Niamh Wallace, Lifestyle Editor.
Many of us are familiar with this famed teenage cult-musical, and to see it brought to life on the stage of the Grand Opera House was no less than a dream. Pink lady cocktails in hand, we sat amidst the grandeur of the theatre and watched our favourite characters come to life before us.
The visuals of the play grabbed us from the outset and impressed us throughout. Rydell High School, the diner, the girls bedroom and the garage were reproduced and decorated with the kitsch excess of the fifties that we associate with the musical. The colours were vibrant and the detail superb, and these scenes were populated by characters of the same nature. Every actor in this production deserves recognition for the way they portrayed our favourite characters, paying homage to the original actors in the movie while also each bringing something new and different to the role. We got the cockiness of Danny, the nasal voice of Frenchy, the carefree attitude of Rizzo. It was a joy to behold them strut across the stage in all their teenage pretensions, singing their hearts out to songs we all know so well.
While the stage set up was impressive, the musical numbers really blew the audience away. What stood out the most was the voice of Sandy (Caitlin McClurg): her rendition of ‘Hopelessly Devoted to You’ was tear-jerking, really channelling Olivia Newton John with the emotion in her voice. Another memorable performance was that of Doody (Matthew Campbell), singing ‘Those Magic Changes’ while playing acoustic guitar onstage, dancing and perfecting every single note. No audience member will forget the luscious performance of ‘Teen Angel’ by the famed drag queen Miss Cherrie Ontop (Matthew Cavan) as she sang ‘Beauty School Dropout’ in a glittery-sequinned jumpsuit and a mammoth, permed orange wig. This performance for me captivated the excess and aestheticism of the fifties while bringing a modern twist with the textures of the costume and the set, a truly memorable performance.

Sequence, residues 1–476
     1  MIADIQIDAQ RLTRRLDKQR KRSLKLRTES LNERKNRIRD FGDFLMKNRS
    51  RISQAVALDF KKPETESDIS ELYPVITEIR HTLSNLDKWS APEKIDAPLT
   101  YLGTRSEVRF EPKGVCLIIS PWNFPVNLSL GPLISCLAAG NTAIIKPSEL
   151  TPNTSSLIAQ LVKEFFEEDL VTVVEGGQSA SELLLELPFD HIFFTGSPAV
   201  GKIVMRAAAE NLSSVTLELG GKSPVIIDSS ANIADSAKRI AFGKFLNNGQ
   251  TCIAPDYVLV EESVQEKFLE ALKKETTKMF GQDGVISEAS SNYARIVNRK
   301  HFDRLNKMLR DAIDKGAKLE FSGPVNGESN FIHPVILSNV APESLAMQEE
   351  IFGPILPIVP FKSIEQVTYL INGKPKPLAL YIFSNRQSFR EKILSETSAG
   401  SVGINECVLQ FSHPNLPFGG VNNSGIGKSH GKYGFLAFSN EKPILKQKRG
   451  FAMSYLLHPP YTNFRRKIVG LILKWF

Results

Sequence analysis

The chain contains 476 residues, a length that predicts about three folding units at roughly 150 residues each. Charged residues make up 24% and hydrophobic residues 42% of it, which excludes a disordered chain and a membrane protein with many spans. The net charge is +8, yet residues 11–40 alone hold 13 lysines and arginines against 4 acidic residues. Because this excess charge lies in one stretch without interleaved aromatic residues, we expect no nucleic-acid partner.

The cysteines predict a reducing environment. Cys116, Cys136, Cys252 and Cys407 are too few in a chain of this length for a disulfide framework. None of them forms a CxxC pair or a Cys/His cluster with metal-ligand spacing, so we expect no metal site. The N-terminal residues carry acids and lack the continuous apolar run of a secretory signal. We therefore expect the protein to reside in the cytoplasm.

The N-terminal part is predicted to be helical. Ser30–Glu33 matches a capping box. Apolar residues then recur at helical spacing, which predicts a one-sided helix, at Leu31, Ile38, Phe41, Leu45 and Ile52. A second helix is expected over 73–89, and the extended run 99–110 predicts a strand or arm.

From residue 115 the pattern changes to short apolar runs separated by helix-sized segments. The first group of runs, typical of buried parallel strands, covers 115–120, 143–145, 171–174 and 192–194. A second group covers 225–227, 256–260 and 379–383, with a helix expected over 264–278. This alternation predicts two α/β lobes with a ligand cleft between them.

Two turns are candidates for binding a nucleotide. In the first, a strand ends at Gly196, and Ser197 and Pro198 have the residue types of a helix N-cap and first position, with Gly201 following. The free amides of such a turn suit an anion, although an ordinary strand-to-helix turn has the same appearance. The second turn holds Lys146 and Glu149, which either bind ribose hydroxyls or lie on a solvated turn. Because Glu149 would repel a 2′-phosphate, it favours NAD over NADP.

The ensemble performances were truly the highlight of the show, with every member of the audience singing along to ‘Born to Hand Jive’ as we nostalgically thought of the iconic high school dance scene so often imitated in American pop-culture movies. The choreography was impressively coordinated despite being extremely complex, with a large number of supporting cast weaving together to produce a spectacular performance.
I left Grease feeling a new appreciation for the era in which it resides. Despite the problematic elements of the story line that were a product of the time period, the musical really captures what it means to be a teenager in any age. We see the highs and lows: problems with teachers, romantic conflicts and arguments with friends are ultimately washed away by the joy they get through being together as friends. The energy and passion that every actor brought to the fore made an incredible impact that blew the audience away, making a lasting impression on opening night that the Ulster Operatic Company should be proud of.